Next Friday is the deadline for submissions to the European Union’s bureaucratically ensconced but noteworthy initiative, “Innovation Partnership on Active and Healthy Aging.” It’s a symbol of Europe’s recognition that innovation is necessary as its population ages and particularly acute this year, as the first of the baby boomers turn 65. With the U.S. facing similar population challenges, perhaps there’s something noteworthy here as our political leadership looks for greater competitiveness and fiscal sustainability.
The European Commission – the EU executive branch of government – has made the partnership initiative part of its “Innovation Union Strategy,” which is intended “to enhance competitiveness globally” while also tackling challenges in society. The goals are to “pursue a triple win for Europe [by] enabling EU citizens to lead healthy, active and independent lives while aging; improving the sustainability and efficiency of social and health care systems; and boosting and improving the competitiveness of the markets for innovative products and services – responding to the aging challenge at both the EU and global level, thus creating new opportunities for businesses.” It’s a critical part of what’s called the EU 2020 Flagship Initiative – Innovation Union issued this past fall.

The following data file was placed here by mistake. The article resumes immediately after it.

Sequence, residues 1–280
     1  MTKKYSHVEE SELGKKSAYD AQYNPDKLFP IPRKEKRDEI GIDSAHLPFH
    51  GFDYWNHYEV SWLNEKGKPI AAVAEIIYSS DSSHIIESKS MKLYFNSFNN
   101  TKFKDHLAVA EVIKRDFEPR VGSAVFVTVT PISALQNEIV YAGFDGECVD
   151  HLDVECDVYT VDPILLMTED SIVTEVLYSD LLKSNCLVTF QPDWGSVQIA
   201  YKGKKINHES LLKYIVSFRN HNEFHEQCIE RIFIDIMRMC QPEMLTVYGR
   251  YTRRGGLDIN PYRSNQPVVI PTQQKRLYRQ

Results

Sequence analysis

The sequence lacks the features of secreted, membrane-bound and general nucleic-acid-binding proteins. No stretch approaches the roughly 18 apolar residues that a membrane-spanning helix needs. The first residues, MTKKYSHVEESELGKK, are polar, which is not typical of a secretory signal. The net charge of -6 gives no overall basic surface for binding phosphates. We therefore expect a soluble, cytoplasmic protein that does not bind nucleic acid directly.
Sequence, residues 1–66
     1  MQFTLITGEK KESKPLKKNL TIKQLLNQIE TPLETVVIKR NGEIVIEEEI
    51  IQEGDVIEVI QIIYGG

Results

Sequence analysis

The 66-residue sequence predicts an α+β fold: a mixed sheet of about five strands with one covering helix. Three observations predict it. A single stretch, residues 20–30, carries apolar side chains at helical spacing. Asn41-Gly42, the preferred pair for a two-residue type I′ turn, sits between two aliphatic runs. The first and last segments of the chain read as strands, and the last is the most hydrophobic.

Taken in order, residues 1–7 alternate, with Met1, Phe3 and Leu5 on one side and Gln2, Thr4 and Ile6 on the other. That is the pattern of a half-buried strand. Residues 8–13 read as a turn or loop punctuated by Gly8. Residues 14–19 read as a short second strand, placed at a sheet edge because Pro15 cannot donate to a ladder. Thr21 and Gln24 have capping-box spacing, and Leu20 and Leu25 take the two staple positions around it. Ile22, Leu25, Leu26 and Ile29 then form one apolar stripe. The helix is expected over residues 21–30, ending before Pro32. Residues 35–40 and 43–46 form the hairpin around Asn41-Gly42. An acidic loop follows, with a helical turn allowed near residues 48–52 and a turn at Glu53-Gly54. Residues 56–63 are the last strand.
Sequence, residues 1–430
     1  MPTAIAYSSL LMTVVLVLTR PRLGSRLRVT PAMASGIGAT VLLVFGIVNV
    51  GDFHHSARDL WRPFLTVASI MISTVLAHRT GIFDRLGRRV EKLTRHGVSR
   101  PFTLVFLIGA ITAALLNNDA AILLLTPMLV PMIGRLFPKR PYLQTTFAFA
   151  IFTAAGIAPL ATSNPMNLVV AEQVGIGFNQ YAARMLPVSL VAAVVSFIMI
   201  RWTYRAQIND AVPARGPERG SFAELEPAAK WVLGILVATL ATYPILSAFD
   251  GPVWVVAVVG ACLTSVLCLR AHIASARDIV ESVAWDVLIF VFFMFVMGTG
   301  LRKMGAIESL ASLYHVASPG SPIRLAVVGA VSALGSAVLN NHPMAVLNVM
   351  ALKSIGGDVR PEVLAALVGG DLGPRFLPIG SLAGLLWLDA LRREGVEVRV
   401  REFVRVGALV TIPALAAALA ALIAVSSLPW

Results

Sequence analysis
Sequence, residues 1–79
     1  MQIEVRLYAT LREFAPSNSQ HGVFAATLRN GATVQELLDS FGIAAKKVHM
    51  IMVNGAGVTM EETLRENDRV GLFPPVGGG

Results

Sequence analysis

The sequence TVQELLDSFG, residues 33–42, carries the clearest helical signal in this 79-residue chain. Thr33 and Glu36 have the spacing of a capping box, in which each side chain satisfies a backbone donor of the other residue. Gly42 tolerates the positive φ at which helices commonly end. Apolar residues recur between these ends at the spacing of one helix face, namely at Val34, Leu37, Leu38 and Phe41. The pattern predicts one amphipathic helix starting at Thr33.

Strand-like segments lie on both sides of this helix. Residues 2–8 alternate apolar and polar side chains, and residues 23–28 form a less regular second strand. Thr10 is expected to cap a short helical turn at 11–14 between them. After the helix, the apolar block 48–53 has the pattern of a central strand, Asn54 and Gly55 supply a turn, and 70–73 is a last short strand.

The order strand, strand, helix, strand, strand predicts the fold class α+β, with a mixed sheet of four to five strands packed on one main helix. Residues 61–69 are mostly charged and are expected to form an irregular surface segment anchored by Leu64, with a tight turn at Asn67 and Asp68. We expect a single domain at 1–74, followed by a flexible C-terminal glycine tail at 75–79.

With an interest in accelerating research, development and market activities, the leaders of the 2020 goal have focused on the pressing challenges of “climate change, energy and food security, health and an aging population.” Máire Geoghegan-Quinn, commissioner for research, innovation and science, and vice president Antonio Tajani, responsible for EU industry and entrepreneurship, said, “As we emerge from [the 2008-2010 fiscal] crisis in the teeth of fierce global competition, we face an innovation emergency.” And it is one that apparently sees its aging population as part of the solution – keeping people active and healthy.
It’s an approach worth noting. As we in America address a compelling set of fiscal challenges with 77 million baby boomers turning 65 in the next two decades, keeping our aging population healthy and active through innovation seems not a bad idea. And putting aging in the same critical issue bucket as climate change and energy is not such a bad idea either.
Michael W. Hodin, Ph.D., is Managing Director, The High Lantern Group and Executive Director of The Global Coalition on Aging.
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